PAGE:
Another taxi/rickshaw scam is where the meters read correctly (so no charts are required) but they have been “fixed” so they rack up a larger fare.  Keep an eye on the meter to see if it is ticking over at a steady pace or racing ahead at the speed of light. This one is much more difficult to spot. So, if you have just arrived in India, take a pre-paid taxi from the airport to your destination. It will also save you from the crowds at the entrance to the arrivals doors. Keep a look out for independent taxi drivers who might try to convince you that the prepaid booths are closed and there is no service available. You could end up paying a whole chunk of your spending budget on one car ride to your hotel. Don’t be fooled, it is a scam and a well-known one at that. 

Just to be prepared, read how to get reasonable fares for taxis and rickshaws on the site. A little preparation will take you a long way.You can also check out this Mumbai auto tariff card or see the official auto and taxi rates for Delhi.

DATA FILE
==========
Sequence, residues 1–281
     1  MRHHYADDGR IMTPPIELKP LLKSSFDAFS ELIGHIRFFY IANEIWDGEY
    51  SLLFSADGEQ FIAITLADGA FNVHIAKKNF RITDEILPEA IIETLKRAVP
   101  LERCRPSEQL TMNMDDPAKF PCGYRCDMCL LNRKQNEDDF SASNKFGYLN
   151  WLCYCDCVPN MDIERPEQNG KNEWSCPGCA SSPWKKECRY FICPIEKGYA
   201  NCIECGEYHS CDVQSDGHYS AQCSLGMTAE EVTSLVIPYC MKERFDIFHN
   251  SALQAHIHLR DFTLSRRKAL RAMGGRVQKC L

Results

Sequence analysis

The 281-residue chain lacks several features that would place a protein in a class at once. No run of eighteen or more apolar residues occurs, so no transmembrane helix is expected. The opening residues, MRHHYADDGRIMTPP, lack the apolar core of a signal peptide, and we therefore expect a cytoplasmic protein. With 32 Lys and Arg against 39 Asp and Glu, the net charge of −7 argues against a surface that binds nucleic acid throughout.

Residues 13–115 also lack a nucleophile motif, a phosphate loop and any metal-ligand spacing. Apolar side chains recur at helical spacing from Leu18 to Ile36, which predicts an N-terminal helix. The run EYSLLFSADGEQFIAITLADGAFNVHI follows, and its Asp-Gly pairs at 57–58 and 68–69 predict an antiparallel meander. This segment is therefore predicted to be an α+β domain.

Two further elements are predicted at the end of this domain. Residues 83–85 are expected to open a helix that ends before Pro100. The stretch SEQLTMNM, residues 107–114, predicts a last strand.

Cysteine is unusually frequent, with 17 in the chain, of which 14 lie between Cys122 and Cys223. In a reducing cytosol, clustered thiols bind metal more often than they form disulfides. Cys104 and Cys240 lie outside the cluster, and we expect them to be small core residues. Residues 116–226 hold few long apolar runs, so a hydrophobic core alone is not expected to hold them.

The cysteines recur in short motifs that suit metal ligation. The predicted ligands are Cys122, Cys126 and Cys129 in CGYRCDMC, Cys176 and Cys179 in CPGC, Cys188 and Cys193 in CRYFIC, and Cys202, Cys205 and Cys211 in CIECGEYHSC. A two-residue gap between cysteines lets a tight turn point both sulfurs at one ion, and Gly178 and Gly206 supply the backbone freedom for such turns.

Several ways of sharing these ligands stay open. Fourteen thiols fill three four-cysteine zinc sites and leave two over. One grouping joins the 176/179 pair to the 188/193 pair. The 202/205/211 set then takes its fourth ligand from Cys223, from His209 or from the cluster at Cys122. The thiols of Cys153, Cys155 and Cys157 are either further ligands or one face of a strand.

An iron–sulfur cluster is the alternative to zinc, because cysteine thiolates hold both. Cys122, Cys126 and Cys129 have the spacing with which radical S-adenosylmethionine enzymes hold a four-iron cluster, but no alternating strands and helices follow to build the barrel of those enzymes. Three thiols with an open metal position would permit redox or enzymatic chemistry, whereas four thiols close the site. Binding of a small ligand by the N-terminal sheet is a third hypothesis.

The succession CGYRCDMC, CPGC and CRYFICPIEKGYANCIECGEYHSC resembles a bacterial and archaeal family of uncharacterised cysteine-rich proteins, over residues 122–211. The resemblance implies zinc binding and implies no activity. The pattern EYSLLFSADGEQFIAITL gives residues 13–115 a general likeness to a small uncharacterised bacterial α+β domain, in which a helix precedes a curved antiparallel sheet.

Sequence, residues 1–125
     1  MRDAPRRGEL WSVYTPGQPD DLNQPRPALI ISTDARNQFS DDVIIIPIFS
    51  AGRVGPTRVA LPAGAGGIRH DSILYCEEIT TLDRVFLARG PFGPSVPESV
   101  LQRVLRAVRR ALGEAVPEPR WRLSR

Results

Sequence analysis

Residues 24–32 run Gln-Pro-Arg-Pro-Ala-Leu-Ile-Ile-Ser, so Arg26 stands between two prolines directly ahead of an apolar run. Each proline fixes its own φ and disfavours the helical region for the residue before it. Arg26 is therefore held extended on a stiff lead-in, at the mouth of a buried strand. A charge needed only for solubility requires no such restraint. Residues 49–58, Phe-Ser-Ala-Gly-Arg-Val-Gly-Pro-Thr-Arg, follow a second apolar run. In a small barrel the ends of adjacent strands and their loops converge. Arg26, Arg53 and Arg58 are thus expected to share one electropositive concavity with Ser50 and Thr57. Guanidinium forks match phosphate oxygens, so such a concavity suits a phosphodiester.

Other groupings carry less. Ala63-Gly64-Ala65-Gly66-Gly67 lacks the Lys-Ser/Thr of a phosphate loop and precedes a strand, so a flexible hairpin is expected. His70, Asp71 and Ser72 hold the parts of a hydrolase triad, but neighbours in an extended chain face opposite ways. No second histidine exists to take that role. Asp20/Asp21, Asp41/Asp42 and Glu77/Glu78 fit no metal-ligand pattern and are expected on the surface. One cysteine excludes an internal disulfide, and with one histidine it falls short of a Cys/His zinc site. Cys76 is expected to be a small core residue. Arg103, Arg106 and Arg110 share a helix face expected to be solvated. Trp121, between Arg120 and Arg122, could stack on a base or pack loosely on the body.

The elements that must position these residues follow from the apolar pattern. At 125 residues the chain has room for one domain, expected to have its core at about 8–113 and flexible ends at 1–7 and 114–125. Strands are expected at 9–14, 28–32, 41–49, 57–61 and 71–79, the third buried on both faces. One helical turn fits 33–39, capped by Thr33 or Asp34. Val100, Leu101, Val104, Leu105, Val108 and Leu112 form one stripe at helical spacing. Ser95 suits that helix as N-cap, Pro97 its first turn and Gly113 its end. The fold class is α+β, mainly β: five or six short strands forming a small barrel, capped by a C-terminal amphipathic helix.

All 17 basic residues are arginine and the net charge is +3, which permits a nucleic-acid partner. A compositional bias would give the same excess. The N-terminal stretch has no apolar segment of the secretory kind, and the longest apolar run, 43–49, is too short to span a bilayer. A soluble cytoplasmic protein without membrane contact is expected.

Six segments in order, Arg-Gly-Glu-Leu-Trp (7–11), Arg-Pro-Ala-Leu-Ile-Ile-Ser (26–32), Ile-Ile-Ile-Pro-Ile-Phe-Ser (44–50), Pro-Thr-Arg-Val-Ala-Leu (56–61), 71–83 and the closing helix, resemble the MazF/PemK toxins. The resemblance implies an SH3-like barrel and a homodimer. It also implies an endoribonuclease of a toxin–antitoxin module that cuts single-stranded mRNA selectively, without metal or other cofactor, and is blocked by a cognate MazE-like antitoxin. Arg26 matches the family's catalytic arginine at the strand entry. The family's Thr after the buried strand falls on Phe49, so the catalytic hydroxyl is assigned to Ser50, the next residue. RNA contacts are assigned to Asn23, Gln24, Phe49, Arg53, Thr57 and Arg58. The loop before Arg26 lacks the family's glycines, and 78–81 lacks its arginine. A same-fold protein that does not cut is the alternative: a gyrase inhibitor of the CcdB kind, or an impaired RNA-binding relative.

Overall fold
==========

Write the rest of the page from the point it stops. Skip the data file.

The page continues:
Sweet-talking Train Passengers

The East Central Railways (ECR) has recently advised of a new railway scam in India, this one aimed specifically at men. Well-dressed (possibly in western clothes) and English speaking women and children try to befriend the train traveler before drugging them and stealing their valuables. This is done by offering food (usually biscuits) to the traveler that has been laced with drugs. 

Another variation to the scam is people pretending to perform religious rituals, where they light incense sticks that induce sleep. The ECR warns that these scams have been recently performed on long-distance trains coming from Punjab, Haryana, Delhi, Mumbai and Gujarat, so be particularly careful on these routes. 

Woman with baby or medical prescription scam

Beware the woman with a baby in the crook of her arm who needs money for milk/medicine/food/bail for her husband or treatment for HIV/hepatitis/obscure disease. One IM-er ended up paying about 1,000 Rupees to buy a woman two cans of milk powder. This scam is particularly popular in major tourist areas in India and the variations can replace milk with oil/flour/lentils. Once you’re out of sight, they sell the product back to the shop and pocket the cash.